In 1953, President Dwight D. Eisenhower declared gay men and lesbians a threat to national security and unfit for government service, inciting a witch hunt and mass firings that lasted more than 40 years.
The virulent campaign also had an unintended consequence — It helped ignite the gay rights movement. The community became outraged, and Frank Kameny was the man who dared to fight back.
“The Lavender Scare”
The powerful documentary “The Lavender Scare,” which will debut on PBS June 18, tells the little-known, dark and disgusting chapter in U.S. history of the government’s relentless effort to purge LGBT employees from the federal workforce. The film also will premiere on pbs.org and the PBS Video App.
Produced and directed by Josh Howard, the documentary is based on the award-winning book by David K. Johnson, “The Lavender Scare.”
The book drew its title from the term “lavender lads,” used repeatedly by Sen. Everett Dirksen as a synonym for gay men. In 1952, Dirksen said that if Republicans won the November election, “the lavender lads” would be eradicated from the State Department. This fear baiting took place at the height of the Cold War, when gays and lesbians, who were called perverts and considered worse than Communists, had allegedly “infiltrated” the State Department.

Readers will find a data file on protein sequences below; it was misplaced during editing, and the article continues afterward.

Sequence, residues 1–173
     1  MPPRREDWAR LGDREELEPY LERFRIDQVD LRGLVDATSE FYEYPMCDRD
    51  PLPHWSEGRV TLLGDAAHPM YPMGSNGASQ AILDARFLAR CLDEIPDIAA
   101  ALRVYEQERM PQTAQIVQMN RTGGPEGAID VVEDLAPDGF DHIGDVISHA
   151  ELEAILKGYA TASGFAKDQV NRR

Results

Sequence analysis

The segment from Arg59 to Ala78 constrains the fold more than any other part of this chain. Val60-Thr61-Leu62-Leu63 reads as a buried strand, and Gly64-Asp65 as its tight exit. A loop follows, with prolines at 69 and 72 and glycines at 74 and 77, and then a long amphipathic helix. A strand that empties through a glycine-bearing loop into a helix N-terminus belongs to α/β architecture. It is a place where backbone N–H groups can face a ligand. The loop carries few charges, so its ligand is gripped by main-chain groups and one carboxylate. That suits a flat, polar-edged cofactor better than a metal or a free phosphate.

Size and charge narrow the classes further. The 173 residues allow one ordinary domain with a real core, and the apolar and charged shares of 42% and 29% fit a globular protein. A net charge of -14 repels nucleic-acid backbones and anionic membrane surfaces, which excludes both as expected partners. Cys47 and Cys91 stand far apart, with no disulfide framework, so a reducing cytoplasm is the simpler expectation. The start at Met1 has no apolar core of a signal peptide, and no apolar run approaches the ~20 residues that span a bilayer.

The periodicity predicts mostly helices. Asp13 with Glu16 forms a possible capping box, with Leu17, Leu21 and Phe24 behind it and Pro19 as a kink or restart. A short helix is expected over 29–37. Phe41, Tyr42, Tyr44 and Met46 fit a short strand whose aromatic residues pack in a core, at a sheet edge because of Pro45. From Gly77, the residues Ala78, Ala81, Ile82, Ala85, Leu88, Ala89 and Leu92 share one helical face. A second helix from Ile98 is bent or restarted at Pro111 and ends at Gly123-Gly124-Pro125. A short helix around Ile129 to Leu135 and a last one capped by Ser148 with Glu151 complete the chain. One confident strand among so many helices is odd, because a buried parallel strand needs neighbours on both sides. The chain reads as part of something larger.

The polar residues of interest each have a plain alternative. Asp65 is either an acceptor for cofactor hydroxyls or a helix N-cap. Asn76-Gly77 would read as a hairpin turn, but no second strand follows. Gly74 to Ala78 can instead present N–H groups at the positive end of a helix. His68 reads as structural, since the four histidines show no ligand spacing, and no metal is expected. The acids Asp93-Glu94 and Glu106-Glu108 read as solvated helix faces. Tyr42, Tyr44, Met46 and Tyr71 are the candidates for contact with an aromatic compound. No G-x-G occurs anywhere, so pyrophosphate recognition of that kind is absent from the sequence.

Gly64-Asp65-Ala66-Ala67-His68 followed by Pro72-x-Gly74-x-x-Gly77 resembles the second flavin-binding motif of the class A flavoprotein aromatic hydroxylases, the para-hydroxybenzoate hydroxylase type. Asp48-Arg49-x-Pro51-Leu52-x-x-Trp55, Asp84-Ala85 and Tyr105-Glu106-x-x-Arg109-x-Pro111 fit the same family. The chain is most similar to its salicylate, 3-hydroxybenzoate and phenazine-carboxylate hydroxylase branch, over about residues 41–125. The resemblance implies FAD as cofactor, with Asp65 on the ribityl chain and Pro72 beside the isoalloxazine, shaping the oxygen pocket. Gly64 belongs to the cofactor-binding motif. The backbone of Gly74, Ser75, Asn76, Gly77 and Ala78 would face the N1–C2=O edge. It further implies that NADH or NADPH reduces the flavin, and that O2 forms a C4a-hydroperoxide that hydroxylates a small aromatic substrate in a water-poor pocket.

The expression was also used by Confidential magazine in the 1950s and 60s, which gossiped about the sexuality of politicians and famous Hollywood stars.
Frank Kameny fights back
In 1957, after being questioned about his homosexuality by two civil servants, a Harvard-trained astronomer working with the U.S. Army’s Map Service became the first person to fight his dismissal. Instead of arguing against the prevailing opinion that homosexuality was immoral, Kameny reframed the issue as one of civil rights — discrimination against a particular group — and his attempts to regain his job evolved into a lifelong battle for the rights of LGBTQ people until his death in 2011.
On April 27, 1953, Eisenhower signed Executive Order 10450. That document cemented federal employment security standards and outlawed gays and lesbians from working in the federal government. As a result, hundreds of gays and lesbians were outed and fired from the State Department.
Persecuting gay people
Approximately 5,000 gays and lesbians were fired and tens of thousands of government workers (including private contractors and military personnel) were intimidated, harassed and investigated, confronted with information from anonymous informants and threatened with exposure. The vicious persecution also lead to countless people committing suicide.
Executive Order 10450 stayed partly in effect until 1995 when President Bill Clinton rescinded the order and put in place the “Don’t ask, don’t tell” policy for admittance of gays into the military.